Talbot’s and Abercrombie & Fitch both reported negative comps in December, although both reaffirmed fourth-quarter guidance. Abercrombie & Fitch logged in a 10 percent decrease in comps versus a 5 percent drop in November, as aggressive promotions pushed some volume into the earlier month. Women’s comps were slightly negative. Abercrombie & Fitch also said that due to the low level of winter carryover inventory, it now expects January comps to be very difficult, although it said that it remains comfortable with its EPS guidance of 70 cents for the quarter now concluding.

Comps at Talbot’s decreased 7.8 percent, in line with expectations, as the company was able to keep its post-Christmas semiannual clearance sale on its traditionally scheduled date.


May Co.’s same-store sales dropped 8.9 percent in the month, but slid a milder 6.2 percent for the past two months taken together. Similarly, Federated comped down 8.6 percent for the month, but fell off a lesser 5.4 percent after smoothing out a calendar shift by combining the November and December periods. In a statement, ceo James Zimmerman noted, “The actual number of transactions in December was up this year; the average dollar amounts of those transactions, particularly in apparel areas of the business, was down.”

While Sears, Roebuck & Co.’s same-store sales may have slumped 2.4 percent for December, the full-line retailer was able to deliver good news to its investors. Excluding non-comparable items, Sears expects to post fourth-quarter earnings per share of $2.02, compared with the $1.91 expected by Wall Street. Driven by improved merchandise assortments and enhanced marketing, J.C. Penney Co. posted a 5.4 percent uptick in department store comps for December. Adding November, comps were up 3.7 percent.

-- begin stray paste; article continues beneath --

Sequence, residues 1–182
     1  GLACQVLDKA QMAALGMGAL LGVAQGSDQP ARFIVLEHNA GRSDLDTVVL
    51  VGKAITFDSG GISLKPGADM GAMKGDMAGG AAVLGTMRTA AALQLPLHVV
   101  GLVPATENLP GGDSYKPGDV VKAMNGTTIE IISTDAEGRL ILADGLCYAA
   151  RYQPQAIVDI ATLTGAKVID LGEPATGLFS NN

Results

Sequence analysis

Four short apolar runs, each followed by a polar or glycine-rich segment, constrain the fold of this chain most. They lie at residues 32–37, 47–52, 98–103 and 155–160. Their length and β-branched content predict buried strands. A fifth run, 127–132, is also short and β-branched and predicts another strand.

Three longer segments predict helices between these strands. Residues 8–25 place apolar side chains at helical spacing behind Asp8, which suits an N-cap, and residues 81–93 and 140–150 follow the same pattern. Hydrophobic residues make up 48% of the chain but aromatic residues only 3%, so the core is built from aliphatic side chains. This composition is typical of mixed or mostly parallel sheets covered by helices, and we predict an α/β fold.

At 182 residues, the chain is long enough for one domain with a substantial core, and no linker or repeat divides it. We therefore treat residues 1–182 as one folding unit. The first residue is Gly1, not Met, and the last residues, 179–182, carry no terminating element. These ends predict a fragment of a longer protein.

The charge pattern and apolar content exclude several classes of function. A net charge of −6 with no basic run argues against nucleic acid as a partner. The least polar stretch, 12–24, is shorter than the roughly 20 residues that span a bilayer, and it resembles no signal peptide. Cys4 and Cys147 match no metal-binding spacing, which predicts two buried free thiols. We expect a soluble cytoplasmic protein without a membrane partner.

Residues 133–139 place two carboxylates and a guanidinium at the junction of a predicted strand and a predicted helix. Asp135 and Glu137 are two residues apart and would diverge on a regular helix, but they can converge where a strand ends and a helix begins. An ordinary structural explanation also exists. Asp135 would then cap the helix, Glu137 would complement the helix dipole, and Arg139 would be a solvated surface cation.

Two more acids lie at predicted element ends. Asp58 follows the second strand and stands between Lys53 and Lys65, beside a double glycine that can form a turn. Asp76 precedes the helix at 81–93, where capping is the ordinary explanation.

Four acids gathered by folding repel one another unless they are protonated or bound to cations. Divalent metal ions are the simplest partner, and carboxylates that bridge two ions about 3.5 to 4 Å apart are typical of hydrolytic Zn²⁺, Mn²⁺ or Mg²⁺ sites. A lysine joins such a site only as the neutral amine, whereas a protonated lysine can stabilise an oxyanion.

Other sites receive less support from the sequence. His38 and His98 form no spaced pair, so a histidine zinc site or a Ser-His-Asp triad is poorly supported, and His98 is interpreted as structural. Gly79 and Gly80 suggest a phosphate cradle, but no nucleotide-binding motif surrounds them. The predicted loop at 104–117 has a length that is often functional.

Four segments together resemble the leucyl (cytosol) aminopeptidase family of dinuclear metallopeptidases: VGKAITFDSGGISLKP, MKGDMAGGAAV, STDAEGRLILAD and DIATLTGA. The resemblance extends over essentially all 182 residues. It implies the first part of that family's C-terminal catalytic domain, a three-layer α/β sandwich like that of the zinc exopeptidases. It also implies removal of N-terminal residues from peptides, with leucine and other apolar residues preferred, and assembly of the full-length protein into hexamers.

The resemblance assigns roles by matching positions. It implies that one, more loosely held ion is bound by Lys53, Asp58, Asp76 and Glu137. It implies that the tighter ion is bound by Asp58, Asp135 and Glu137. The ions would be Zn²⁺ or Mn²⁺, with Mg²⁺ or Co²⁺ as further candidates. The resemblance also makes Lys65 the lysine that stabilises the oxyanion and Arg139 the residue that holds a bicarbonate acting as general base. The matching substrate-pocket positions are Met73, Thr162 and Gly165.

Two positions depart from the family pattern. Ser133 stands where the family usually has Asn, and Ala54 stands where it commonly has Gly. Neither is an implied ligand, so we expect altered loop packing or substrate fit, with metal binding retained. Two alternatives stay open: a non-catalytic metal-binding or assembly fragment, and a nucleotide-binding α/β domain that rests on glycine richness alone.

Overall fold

Kohl’s Corp.’s eked out a 0.6 percent comp increase in December. Results roared ahead with 9.8 percent increase, though, after combining them with November’s sales. Saks Inc.’s comparable sales sank 7.2 percent in December, with a 7.5 percent decrease at the department stores and a 6.5 percent retreat by the Saks Fifth Avenue unit. Adjusting for calendar changes, the department stores’ comps rose 3.5 percent in December on relative strength in women’s apparel, accessories, shoes and outerwear. Adjusted comps for the SFA unit retreated 1.1 percent, though there was strength in women’s contemporary sportswear, gold range apparel, outerwear and the Saks Off 5th stores.


At least some of the con

sumers fleeing department and specialty stores are shifting their dollars to values offered by mass merchants, as was demonstrated by Wal-Mart Stores’ 8 percent comp increase in December.

Comps at Target Corp.’s namesake division inched up 1.8 percent, better than the 0.6 percent increase for the total company. Adjusting for the effects of calendar differences, same-store sales jumped 10.1 percent for Target stores, pulling up the corporation’s comp increase to 8.6 percent. Results were strong enough for the firm to nudge Wall Street, saying its fourth-quarter EPS will be “moderately higher” than current expectations of 65 cents.